It is so easy to strive for perfection in our capitalist world of inherent competition. As aspiring yogis we are not immune to that. We often bring the goal of perfection to our mats. We make impossible demands on ourselves, without pausing to look and listen to what is in front of us: our resources, our energy, the shape of our bodies, our deepest longings.
There are two things I have discovered in my practice which relate to perfection. The first is that I need to be careful with what I actually practice, for this will return to me. If I practice competitiveness, this is what will materialise in my life. If I practice perfection, I will get perfectionism and nothing will be good enough, I will not be good enough which, as yoga tells us, is clouded perception. It is a judgement that often times does not come from being present. And presence is precisely what we want, on and off the mat, because it is the only thing that truly is.
The second thing I have learned comes from my teacher Kia. In yoga practice, in particular in asana, there is no goal. So you have mastered the handstand. What next? A one handed handstand. What next? A one fingered handstand, and so on … We are never done. More asana is just more asana. It is not yoga.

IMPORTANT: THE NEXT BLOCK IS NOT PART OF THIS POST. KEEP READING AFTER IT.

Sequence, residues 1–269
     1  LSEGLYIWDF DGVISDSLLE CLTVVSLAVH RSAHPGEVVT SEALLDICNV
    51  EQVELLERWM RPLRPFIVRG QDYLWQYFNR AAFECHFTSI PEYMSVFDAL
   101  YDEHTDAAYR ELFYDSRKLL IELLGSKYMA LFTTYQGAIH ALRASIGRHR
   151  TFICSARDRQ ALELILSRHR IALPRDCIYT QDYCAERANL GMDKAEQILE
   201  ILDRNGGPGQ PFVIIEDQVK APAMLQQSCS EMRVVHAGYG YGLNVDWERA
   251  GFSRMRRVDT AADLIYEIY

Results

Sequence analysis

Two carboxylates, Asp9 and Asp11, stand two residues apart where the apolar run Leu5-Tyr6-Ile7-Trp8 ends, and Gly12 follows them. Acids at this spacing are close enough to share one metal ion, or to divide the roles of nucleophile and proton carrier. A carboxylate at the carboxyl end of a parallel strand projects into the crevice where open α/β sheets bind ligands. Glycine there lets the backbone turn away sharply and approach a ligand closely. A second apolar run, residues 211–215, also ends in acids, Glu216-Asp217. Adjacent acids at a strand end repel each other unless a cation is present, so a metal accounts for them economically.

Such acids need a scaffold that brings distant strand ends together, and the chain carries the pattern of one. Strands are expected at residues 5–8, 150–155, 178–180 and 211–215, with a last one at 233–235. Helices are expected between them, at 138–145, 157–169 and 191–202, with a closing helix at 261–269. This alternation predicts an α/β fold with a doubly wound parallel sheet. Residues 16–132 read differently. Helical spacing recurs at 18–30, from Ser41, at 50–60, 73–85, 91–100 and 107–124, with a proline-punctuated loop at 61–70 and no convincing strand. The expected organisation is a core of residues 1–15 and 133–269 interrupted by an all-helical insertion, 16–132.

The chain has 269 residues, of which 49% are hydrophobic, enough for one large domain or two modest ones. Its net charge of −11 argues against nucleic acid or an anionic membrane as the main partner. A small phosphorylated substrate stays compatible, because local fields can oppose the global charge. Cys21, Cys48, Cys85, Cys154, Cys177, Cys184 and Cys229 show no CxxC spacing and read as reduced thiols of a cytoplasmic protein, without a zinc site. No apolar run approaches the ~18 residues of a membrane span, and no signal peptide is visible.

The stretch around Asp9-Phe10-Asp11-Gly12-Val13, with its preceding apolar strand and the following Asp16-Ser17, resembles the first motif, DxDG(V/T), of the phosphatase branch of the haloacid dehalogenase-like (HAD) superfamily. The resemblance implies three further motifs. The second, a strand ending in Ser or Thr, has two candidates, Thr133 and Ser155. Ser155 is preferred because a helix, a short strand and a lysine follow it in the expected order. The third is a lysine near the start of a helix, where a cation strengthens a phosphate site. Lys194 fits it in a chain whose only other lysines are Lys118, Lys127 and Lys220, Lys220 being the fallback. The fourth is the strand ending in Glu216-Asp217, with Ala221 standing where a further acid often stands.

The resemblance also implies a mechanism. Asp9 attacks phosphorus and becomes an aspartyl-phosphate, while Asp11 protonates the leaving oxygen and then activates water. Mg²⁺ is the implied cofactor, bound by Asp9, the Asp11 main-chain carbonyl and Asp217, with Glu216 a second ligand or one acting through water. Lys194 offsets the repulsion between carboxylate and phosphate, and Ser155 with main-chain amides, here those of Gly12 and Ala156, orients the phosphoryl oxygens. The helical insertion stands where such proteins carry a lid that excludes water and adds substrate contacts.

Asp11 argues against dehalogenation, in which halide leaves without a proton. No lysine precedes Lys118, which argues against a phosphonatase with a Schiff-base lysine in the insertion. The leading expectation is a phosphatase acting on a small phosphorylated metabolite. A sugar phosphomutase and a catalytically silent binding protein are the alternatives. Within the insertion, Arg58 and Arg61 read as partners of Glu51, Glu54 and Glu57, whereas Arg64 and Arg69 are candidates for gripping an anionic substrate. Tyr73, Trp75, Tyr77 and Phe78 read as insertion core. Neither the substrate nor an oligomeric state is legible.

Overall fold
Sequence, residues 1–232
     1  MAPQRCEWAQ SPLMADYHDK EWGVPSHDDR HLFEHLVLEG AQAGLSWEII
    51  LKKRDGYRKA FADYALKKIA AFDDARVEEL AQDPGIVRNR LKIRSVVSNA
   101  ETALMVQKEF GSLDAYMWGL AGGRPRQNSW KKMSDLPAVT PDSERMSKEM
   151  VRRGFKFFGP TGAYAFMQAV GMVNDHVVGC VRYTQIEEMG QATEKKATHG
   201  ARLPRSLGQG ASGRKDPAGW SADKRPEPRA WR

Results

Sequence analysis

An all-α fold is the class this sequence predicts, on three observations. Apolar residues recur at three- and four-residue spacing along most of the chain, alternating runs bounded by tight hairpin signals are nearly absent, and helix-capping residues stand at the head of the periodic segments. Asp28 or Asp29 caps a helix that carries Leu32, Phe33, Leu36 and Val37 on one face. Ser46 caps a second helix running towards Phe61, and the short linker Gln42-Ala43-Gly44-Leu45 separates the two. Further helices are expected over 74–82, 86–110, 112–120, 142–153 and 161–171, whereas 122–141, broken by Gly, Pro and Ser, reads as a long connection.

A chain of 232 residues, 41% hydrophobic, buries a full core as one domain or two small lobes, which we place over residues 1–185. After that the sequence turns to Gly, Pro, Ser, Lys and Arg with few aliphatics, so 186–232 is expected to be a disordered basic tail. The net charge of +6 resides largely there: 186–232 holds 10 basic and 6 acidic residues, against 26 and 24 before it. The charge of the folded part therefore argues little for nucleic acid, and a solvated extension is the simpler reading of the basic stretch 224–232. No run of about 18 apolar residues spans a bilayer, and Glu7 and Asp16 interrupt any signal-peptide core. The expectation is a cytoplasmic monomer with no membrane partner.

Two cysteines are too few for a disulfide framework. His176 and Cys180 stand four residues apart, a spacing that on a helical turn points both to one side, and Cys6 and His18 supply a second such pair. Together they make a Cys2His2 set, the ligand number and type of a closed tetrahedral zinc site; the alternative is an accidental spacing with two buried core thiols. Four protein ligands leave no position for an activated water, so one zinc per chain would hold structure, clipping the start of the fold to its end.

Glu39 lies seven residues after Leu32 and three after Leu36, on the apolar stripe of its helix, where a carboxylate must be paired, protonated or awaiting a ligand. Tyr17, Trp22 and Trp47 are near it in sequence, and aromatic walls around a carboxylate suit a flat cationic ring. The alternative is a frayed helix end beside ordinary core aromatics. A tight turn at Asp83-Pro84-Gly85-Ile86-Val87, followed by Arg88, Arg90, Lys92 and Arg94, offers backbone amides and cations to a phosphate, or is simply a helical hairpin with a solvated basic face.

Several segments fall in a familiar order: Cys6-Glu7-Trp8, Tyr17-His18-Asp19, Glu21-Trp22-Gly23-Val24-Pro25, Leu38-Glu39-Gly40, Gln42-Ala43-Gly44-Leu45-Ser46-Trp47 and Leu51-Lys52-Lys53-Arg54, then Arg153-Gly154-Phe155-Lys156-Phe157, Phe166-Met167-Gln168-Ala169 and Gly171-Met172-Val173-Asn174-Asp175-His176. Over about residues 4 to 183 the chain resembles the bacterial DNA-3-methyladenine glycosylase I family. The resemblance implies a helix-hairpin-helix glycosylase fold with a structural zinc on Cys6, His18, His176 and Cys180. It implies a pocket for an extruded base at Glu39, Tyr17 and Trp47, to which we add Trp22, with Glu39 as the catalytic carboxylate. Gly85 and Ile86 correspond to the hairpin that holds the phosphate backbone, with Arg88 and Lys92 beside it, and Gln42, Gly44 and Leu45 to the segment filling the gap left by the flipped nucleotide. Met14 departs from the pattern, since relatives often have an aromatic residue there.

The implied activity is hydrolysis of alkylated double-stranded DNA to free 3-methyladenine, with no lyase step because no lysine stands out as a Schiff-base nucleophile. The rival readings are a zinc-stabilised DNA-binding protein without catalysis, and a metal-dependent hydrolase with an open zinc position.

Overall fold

In sutra 1.12, Patanjali writes abhyasa-vairagya-abhyam tan-nirodhah: the state of quiet centeredness that he defines as yoga is attained by practice and non-attachment. Both are equally important. If we practice well, if we practice sincerely and invite yoga into our selves, we will become less attached, also to ideas of perfection: doing the perfect posture, completing the full practice when there is no time, comparing ourselves to another whom we deem more perfect than us… Practice requires effort for sure, the right effort, but never strain.
I will leave you with the wisest words, said by the great teacher Krishna to the great student Arjuna in the Bhagavad Gita (3.35): In yoga, it is better to perform one’s own dharma (one’s duty for the good of the whole) imperfectly, than another person’s dharma well performed. I hope this gives you as much comfort as it gives me, and inspires you to let go, to soften any hard-edged ideas of perfection in your practice.
PS. Thank you, my dear Annie, for your great topic suggestion for this month. If you would like me to think through a particular concept, do email me any time.